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As the title suggests: for example, the following user story too generic?

"A registered user wants to login in order to use the site's services" 

Or, should I use more detailed user stories, like the following ones?

1. "User insert email and password in the textboxes and click the login button";

2. "Server receives login data and check if they contain errors";

3. "Server puts the new user in the database if the login data are correct";

4. "The logged user is brought to his profile page".

It seems the more it is specific, the more we understand the part of codes required ( 1)"textboxes", 1) "login button", 3) "database", ...).

Which is the correct way between these two?

marked as duplicate by Todd A. Jacobs, Mark Phillips Dec 29 '14 at 3:22

This question has been asked before and already has an answer. If those answers do not fully address your question, please ask a new question.

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User stories should have enough basic information like who (type of user) wants what functionality and why is the functionality needed. Also, what is his or her success critrion for the story. Details should be avoided in the user story as they will be discussed as part of sprint planning meeting. it is very tough to strike the right balance but an experienced scrum master can really facilitate the productive discussion. As a rule of thumb, it should be specific enough so that the story has a good chance of being completed in a scrum.

That said, the example you are giving above seems to have some tasks that are defined and decided by the team members. User stories should generally come from Product Owners (PO)

  • I agree here. The examples in the question are not good stories. "User insert email and password in the textboxes and click the login button" is a description of how a story will be implemented. "The user will log into the system by supplying their email and password, which will be checked against stored records" would be a better user story. The purpose of stories is to specify requirements, not how it'll be implemented. – David Arno Dec 19 '14 at 12:31
  • Thanks David. To add to my post, PO decides 'What' is to be done and the team decides 'How' it will be done. – pksnj Dec 23 '14 at 14:51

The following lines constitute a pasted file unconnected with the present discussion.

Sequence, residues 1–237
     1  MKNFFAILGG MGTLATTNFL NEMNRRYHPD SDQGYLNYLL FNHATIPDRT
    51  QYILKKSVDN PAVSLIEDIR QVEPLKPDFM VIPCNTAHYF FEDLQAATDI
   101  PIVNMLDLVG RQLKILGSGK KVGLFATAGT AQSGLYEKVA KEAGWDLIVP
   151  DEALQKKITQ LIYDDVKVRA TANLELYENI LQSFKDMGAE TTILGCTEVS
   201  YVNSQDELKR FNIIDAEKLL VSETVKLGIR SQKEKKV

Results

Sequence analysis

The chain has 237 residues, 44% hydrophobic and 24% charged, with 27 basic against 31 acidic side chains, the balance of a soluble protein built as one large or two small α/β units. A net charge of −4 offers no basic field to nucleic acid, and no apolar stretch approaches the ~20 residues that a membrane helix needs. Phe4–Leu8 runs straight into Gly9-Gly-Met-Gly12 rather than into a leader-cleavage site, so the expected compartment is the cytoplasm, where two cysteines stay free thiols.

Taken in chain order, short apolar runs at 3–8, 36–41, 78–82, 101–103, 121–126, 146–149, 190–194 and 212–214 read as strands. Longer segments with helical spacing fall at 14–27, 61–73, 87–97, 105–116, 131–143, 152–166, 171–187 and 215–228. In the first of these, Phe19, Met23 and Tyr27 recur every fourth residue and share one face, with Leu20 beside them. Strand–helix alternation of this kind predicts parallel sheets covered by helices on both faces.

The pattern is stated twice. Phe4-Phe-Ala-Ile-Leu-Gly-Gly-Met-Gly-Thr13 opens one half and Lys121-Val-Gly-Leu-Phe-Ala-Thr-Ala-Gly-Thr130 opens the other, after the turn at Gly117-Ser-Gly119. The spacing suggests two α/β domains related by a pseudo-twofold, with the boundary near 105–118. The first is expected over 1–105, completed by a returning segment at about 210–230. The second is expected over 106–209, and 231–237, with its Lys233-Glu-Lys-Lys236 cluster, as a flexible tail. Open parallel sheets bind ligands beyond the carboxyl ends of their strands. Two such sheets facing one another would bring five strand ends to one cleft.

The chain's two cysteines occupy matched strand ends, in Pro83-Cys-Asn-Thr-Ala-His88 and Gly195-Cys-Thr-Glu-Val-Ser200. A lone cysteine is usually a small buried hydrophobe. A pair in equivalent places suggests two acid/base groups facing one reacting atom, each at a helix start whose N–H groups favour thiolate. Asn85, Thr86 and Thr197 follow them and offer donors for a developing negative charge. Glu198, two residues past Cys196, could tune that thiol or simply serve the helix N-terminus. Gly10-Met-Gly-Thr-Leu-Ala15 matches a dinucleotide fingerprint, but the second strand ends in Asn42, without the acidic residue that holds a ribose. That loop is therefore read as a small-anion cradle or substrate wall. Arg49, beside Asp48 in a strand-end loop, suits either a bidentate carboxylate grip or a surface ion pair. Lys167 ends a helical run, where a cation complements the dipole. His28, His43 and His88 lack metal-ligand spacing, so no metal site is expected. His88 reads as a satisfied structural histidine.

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I love the Gherkin format. The detail you describe would be scenarios, more detail can be caught in the scenario steps.

Feature: Some terse yet descriptive text of what is desired
   As a ....
   In order ...
   I want ...

   Scenario: Some determinable business situation
     Given some precondition
       And some other precondition
      When some action by the actor
       And some other action
       And yet another action
      Then some testable outcome is achieved
       And something else we can check happens too

   Scenario: A different situation
       ...
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In the Agile philosophy, as by Thoughtbot, the Gherkin-style feature steps would be written in a pair/extreme process between Developer, Business Analyst, and SQA/SDET. This process would happen in a grooming sessions, prior to any daily scrum. Daily scrums might re-align the story, if new things came to light, but would never write it entirely.

The feature title would look like your example #1. The Scenario would be described by your example #2 lines. Although, concepts like "database" probably not not be present, as they are too implementation specific for a feature file. Such implementation details would be held in step-definitions.

  1. "An Unauthenticated User enters email and password in the login form, and clicks the login button";

  2. "The Server receives login data and check if they contain errors"; (I would remove this, as it is a test that should happen elsewhere, probably in a unit test)

  3. "The authentication service returns an authentication token, and the user is now an Authenticated User";

  4. "The Authenticated User user is brought to the user's profile page".

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